Cowboys Second Half Of The Season: Who Needs To Step Up?

Howard Smith-USA TODAY Sports

Which player needs to step up and make a big impact in the second half of the season in order for the Cowboys to finish better than .500 and make the playoffs?

I took this very question to the lobby at the BTB Virtual Office to get the opinions of my cohorts. I asked each of my colleagues for their impressions and the discussion led to the following outcomes.

Dave Halprin - Easy one, DeMarcus Ware. The Cowboys need the Ware of old, he needs to turn back time, past the nagging injuries, and be a one-man wrecking crew like he used to be. The defensive line needs him, without pressure our back seven has the tendency to get toasted. I'm not sure Kiffin can fix that this season, so the obvious way of covering that is to get to the QB. Ware is one of the very best pass rushers ever, and even if injuries/age are slowing him down, if he can have a second half of the season that resembles vintage Ware, the Cowboys defense will be demonstrably better. Given that the Cowboys losses have been by 1, 9, 3 and 1 points, you can see what a little better defense might do for this team.

Tom Ryle - Lot to choose from. I'll go with Tony Romo, in line with what I told Dawn. I think he needs to try and recover his accuracy and confidence. With the injuries to the defense, and with Brian Waters' injury as well, he is going to need to start getting the ball to receivers quickly and keep drives alive. He has struggled since the Denver game, and the team needs him to make sure they put points up on the board to get and keep leads in games. He has been the difference before, and he has to be the second half of the season to make something out of it.

Dawn Macelli - Well, (in Monte Kiffin voice) "Dang it." Dave and Tom took my two best answers.

I am going to go off of the playing surface and say Bill Callahan. The offensive play-calling this season has been questionable at best. Many of us were not happy with how things went under Garrett's direct influence and we were glad to see someone else making the calls from the booth, but some of the in-game choices this season have made me yearn for Garrett to resume those duties, at least on a temporary basis. There were some questions about Callahan's play-calling with the Raiders, and now it seems that he brought those issues with him to Dallas.

Rabblerousr - I'll take Mackenzie Bernadeau. If Brian Waters is indeed done for the season, Bernadeau is going to have to play far beyond the level that we've seen from him thus far if the Cowboys line is to avoid taking a step backward - and to mitigate somewhat a secondary loss: that of Waters' steadying influence on the other two interior O-linemen.

One.Cool.Customer - I'll go with the unknown defensive lineman. When the Cowboys were still holding out hope that Anthony Spencer and Jay Ratliff would be healthy enough to return at some point, they were content to sign a bunch of late-round picks and UDFAs to provide temporary depth for the defensive line.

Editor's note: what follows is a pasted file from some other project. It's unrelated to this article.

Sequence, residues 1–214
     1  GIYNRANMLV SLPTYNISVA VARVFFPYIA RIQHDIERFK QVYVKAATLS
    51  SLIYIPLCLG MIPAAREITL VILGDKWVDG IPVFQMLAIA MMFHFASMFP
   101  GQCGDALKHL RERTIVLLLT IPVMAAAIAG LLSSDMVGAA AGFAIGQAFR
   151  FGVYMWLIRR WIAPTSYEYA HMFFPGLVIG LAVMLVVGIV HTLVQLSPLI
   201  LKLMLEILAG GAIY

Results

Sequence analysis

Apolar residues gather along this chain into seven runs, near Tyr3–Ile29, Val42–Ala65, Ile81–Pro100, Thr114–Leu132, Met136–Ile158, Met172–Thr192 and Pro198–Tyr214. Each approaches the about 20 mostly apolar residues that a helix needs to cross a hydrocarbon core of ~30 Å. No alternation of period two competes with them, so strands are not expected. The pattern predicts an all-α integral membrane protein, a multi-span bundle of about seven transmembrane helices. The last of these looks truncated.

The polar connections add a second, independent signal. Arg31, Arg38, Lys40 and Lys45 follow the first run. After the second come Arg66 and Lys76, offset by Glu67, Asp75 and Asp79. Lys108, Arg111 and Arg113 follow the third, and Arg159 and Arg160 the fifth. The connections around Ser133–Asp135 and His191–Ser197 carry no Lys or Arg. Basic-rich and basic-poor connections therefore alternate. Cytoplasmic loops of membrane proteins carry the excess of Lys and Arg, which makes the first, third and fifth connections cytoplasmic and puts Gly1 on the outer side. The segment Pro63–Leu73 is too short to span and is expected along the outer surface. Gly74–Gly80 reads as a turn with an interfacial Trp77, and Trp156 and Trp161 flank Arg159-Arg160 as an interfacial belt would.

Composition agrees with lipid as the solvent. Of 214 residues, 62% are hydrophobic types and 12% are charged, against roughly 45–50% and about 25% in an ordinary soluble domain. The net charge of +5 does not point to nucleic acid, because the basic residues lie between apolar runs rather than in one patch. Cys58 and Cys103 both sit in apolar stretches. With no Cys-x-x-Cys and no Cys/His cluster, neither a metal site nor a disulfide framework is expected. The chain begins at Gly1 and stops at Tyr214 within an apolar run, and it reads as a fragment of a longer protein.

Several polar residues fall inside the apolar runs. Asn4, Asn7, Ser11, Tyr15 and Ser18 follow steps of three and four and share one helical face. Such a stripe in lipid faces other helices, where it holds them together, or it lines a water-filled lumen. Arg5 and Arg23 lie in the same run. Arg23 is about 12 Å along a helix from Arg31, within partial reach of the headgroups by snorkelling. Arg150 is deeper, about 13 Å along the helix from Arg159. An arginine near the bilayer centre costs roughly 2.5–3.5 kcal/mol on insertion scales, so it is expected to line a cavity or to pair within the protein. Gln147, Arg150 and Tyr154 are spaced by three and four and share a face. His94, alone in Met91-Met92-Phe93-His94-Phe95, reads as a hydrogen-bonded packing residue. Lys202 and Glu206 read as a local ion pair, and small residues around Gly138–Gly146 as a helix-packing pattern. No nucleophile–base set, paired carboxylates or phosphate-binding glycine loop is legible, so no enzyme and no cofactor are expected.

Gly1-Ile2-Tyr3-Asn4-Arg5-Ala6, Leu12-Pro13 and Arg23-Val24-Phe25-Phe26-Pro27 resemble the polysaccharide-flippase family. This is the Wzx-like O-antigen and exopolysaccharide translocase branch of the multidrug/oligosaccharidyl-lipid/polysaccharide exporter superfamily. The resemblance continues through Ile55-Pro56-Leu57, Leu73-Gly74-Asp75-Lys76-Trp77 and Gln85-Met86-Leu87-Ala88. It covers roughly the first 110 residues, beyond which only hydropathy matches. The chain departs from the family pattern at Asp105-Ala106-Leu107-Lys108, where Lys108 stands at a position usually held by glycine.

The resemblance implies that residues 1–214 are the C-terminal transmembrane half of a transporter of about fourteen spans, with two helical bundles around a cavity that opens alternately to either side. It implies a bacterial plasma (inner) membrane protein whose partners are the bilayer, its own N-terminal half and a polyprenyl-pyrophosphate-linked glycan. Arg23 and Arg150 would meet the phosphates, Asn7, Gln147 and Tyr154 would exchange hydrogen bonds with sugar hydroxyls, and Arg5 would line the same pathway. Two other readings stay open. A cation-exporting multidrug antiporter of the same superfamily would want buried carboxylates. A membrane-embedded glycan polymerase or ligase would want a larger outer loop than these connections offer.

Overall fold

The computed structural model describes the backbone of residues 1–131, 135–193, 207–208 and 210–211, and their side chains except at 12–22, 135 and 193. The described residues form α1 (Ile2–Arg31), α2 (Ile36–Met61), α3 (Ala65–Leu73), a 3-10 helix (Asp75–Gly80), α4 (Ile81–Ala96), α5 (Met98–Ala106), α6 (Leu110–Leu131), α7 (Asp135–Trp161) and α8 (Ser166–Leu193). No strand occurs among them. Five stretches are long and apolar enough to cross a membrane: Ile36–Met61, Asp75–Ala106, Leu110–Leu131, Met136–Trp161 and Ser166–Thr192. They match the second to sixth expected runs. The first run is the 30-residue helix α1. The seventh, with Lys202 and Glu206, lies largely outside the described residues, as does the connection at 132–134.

Jul 26: DE George Selvie (7th round pick, 2010), Landon Cohen (7th round pick, 2008)
Aug 21: DE Jason Vega (UDFA)
Sept. 3: DE Caesar Rayford (UDFA)
Sept. 7: DT Jerome Long (7th round pick)
Sept. 17: DT David Carter (6th round pick)

After Anthony Spencer re-injured his knee in the Week 2 game against the Chiefs (and was moved to IR a week later), and the situation with Jay Ratliff was getting increasingly murky, the Cowboys changed their strategy for the D-line. No longer were they looking for backups, they were now looking for starters, and began signing guys with high draft pedigrees in the hope that these guys would be able to replicate the performance that had made them high draft picks in the first place.

Sept. 24: DT Drake Nevis (3rd round pick, 2011)
Oct. 15: DE Jarius Wynn (6th round pick, 2009)
Oct. 21: DT Marvin Austin (2nd round pick, 2011)
Oct. 29: DE Everette Brown (2nd round pick, 2009)

The key to slowing down modern offenses is to get pressure on the passer. If the quarterback is pressured or hurried, he's much more prone to make a mistake and turn the ball over or make enough bad passes to make the offense one dimensional. If you give any NFL quarterback enough time, he’s going to pick you apart. Pressure him, force him into making a fast decision and the chances of the QB making a mistake go way up.

More than anything else, the Cowboys' success in the remaining eight games rests on the defensive line's ability to get pressure on the passer. For that to happen, one or even two of the unknown defensive linemen currently on the roster will have to step up in a huge, career-changing way.

Conclusion -

In my opinion the answer to this question really lies in OCC's final statement.

"More than anything else, the Cowboys' success in the remaining eight games rests on the defensive line's ability to get pressure on the passer."

We have seen Tony Romo play good football in stretches this year, and we have seen him put together very good second-halves in seasons past, so although he does need to play well for the Cowboys to succeed, I don't think that's a huge step to look to.

However, the only way for this defense to get markedly better in the final eight games is for the defensive line to get appreciably better at rushing the passer. Whether it comes from a member of the "Band of Backups" or from their All-Pro future Hall of Fame all-time sack leader. They have to be able to impact quarterbacks regularly with only four rushers.


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